Hyssop oil is currently used in aromatherapy to help treat problems linked to the respiratory and digestive systems. It can also be used to potentially bring relief to arthritic pain, sores, bruises, toothaches and ear pain.
Some people use hyssop as a gargle; in baths to cause sweating; and on the skin for treating skin irritations, burns, bruises, and frostbite. In foods, hyssop oil and extract are used as a flavoring. In manufacturing, hyssop oil is used as a fragrance in soaps and cosmetics
Hyssop is used for digestive and intestinal problems including liver and gallbladder conditions, intestinal pain, intestinal gas, colic, and loss of appetite. It is also used for respiratory problems including coughs, the common cold, respiratory infections, sore throat, and asthma.
Hyssop was regarded by both the Greeks and the Hebrews as a sacred herb, and is mentioned several times in the Old Testament. It was used to clean out temples and sacred places, quite literally by using bundles of the herb as a broom. Later, it was a popular strewing herb, and these two uses might lead us to consider burning or vaporizing a little hyssop to disinfect rooms and protect from infection.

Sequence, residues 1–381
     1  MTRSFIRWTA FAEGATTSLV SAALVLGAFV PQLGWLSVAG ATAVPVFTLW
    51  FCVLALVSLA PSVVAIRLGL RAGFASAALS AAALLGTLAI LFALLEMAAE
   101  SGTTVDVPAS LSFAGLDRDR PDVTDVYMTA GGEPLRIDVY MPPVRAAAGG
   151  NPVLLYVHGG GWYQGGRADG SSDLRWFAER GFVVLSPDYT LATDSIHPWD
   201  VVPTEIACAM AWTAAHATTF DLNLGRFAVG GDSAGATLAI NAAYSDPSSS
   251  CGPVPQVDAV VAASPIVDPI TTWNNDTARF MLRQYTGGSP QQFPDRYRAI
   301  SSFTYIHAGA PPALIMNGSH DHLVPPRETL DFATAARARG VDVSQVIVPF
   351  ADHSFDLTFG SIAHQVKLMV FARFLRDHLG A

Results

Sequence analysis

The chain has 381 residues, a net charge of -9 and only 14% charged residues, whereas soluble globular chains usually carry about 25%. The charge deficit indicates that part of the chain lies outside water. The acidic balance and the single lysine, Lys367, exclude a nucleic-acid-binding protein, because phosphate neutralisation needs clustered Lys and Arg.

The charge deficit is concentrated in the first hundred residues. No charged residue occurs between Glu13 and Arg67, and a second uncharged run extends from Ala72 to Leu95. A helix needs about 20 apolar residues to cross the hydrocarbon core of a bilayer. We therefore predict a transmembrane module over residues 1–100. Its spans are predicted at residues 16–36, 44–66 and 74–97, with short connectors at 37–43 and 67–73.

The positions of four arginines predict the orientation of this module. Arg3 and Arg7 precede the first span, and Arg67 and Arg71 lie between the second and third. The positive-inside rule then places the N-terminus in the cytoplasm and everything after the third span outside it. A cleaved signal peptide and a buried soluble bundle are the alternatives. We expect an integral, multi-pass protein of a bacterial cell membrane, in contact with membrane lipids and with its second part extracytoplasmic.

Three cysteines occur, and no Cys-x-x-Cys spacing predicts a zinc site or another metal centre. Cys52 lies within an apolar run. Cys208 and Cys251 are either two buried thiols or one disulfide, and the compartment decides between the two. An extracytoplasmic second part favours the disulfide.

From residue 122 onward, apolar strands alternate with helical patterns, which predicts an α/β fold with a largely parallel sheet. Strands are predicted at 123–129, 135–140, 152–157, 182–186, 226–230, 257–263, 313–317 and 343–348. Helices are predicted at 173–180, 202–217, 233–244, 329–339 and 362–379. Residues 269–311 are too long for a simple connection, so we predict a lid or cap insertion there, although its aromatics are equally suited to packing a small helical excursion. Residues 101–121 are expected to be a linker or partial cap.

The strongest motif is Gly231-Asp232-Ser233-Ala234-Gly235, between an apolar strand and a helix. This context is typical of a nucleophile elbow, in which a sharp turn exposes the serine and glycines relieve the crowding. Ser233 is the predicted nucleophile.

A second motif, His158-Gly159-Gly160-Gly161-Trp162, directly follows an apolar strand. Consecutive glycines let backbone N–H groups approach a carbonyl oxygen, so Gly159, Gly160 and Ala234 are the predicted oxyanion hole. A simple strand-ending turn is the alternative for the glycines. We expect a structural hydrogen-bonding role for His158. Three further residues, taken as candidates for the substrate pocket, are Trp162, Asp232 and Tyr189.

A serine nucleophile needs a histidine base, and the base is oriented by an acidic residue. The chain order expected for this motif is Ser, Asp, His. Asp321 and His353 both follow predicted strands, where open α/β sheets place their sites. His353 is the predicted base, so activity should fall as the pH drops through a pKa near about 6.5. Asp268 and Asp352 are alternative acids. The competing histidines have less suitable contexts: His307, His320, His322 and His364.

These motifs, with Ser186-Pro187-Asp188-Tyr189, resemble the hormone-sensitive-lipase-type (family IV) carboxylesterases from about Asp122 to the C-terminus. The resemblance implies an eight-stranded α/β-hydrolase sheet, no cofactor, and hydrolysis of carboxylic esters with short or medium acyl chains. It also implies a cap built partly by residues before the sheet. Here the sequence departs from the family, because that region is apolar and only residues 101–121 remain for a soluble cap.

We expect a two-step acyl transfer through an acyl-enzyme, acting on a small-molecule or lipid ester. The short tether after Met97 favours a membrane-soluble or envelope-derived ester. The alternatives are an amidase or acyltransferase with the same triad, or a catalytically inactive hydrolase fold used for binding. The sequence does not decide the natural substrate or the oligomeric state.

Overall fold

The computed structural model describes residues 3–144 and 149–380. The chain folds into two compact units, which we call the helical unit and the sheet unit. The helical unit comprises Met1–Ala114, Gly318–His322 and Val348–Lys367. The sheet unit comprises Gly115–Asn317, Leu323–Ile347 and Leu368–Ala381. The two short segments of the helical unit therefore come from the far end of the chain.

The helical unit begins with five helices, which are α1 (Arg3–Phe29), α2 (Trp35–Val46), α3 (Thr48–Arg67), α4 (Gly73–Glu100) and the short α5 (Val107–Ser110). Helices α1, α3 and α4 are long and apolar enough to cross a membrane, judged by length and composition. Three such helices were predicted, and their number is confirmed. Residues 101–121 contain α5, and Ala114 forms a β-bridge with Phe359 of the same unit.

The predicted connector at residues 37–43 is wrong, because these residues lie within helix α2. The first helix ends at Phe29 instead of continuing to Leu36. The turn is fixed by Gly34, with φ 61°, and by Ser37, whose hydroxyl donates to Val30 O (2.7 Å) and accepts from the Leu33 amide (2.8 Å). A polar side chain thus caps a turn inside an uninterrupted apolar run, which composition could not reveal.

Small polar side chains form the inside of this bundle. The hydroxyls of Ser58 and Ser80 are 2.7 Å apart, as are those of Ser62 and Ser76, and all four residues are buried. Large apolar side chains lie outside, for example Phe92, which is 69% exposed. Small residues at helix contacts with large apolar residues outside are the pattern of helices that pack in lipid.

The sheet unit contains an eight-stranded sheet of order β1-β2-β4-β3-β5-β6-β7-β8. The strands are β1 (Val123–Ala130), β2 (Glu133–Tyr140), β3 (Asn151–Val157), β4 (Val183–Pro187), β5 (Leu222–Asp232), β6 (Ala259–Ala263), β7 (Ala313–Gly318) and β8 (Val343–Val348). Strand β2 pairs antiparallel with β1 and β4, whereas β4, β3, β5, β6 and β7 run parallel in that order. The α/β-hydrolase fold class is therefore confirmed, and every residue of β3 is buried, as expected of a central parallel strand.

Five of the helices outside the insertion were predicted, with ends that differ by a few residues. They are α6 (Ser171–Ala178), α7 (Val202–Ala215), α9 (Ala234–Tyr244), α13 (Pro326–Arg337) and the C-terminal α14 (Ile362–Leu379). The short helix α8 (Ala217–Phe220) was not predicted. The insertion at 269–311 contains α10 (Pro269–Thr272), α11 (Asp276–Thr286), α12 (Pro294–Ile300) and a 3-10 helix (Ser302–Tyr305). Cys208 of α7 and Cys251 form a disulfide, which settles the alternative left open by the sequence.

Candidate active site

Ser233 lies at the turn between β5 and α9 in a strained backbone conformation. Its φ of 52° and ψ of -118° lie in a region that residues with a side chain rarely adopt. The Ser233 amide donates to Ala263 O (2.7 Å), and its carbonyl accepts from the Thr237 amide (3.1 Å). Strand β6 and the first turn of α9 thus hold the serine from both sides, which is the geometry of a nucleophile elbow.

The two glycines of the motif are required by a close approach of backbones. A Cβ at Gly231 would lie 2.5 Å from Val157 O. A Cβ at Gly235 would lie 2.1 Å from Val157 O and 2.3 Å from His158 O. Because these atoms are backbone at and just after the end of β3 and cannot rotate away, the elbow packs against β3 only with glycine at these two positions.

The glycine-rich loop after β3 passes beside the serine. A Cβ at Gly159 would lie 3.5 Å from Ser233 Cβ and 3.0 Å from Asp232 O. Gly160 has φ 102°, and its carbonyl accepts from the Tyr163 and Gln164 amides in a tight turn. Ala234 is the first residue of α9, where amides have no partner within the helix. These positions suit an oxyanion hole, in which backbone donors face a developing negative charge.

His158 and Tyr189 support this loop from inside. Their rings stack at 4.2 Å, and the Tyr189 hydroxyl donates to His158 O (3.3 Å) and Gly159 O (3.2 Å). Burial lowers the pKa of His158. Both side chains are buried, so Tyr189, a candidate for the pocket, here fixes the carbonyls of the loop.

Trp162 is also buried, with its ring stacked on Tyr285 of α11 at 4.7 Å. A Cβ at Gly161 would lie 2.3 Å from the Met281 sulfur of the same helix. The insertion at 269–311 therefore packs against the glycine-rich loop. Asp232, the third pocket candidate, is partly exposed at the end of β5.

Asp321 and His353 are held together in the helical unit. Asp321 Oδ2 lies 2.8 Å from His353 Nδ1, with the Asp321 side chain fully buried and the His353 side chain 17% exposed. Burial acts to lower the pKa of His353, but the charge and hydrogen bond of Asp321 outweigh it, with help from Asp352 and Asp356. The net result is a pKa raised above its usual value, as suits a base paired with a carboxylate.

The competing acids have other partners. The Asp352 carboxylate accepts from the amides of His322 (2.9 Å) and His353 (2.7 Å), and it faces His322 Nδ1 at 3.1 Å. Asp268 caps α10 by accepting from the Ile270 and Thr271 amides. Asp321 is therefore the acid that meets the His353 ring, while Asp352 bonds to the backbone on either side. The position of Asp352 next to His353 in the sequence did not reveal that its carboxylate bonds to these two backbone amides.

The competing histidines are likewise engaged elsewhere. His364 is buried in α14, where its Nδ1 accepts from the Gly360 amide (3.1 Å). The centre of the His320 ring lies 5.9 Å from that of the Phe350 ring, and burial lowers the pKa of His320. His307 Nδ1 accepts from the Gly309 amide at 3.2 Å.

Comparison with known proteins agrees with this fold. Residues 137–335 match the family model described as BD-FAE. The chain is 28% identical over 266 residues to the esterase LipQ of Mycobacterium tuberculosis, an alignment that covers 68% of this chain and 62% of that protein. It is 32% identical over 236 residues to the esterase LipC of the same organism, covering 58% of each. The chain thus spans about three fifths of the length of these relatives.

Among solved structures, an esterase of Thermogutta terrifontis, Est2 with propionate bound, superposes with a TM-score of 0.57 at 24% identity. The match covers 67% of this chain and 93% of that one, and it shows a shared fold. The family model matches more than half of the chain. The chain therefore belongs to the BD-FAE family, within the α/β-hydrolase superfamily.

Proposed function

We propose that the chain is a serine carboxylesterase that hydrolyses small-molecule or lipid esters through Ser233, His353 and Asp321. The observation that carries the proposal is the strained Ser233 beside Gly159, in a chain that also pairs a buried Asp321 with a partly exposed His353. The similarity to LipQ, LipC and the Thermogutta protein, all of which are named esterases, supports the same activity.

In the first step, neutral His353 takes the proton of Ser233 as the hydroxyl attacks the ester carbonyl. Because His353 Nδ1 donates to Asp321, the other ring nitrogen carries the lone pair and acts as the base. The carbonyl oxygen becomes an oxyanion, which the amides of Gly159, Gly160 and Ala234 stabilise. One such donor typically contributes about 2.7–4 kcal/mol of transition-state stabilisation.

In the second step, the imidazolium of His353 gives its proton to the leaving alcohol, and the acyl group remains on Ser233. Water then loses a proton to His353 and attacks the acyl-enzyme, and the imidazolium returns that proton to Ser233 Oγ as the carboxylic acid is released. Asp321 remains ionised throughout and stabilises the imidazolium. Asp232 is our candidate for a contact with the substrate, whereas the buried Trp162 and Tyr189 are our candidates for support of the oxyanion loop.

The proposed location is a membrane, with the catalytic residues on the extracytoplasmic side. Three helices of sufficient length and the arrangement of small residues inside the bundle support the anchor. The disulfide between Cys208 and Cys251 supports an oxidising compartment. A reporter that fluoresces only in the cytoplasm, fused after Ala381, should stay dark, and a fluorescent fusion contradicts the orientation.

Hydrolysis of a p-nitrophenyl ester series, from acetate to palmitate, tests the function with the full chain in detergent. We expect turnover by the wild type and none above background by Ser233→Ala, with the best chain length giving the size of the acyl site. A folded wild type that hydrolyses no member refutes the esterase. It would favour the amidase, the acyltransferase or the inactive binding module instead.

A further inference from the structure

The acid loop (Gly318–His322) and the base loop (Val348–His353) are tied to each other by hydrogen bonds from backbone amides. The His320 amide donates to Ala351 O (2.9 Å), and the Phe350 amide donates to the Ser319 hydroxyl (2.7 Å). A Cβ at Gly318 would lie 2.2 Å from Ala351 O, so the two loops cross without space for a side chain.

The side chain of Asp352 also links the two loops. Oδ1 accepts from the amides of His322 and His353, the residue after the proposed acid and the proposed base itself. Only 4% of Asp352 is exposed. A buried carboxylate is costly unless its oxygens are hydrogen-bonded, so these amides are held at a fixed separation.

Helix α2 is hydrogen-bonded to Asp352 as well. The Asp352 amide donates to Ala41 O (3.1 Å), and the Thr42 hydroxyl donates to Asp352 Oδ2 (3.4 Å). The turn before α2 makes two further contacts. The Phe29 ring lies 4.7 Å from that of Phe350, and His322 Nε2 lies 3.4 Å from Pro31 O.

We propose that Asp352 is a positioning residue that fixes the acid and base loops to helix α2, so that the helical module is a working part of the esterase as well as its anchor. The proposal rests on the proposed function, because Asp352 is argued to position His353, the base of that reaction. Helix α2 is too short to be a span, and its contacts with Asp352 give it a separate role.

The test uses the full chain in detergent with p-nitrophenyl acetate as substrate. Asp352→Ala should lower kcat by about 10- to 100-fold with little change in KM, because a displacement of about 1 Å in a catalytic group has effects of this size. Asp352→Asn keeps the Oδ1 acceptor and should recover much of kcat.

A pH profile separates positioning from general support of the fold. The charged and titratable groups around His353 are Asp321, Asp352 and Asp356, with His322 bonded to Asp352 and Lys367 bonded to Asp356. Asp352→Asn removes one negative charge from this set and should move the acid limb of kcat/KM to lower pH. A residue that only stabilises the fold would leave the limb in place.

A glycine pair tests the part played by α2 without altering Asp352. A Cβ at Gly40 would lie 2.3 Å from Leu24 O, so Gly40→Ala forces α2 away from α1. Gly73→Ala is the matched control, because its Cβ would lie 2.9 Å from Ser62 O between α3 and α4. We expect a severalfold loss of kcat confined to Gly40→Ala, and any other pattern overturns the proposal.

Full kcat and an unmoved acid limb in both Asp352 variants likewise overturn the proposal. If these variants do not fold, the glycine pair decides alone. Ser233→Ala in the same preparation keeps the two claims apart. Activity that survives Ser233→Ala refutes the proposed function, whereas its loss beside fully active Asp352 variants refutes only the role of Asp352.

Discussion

In the Old Testament hyssop was used to sprinkle blood as part of the Jewish Passover. Hyssop was mentioned in the Bible for its cleansing effect in connection with plague, leprosy and chest ailments and symbolically in cleansing the soul.
Hyssop oil blends well with citrus oils, lavender oil, rosemary, myrtle, bay laural, sage and clary sage, clove, rose, etc.”
Safety Data: Hyssop essential oil should be avoided by epileptics, people with high blood pressure or at any time during pregnancy. Documented adverse effects. Hyssop has emmenagogue (to stimulate menstrual flow) and abortive effects.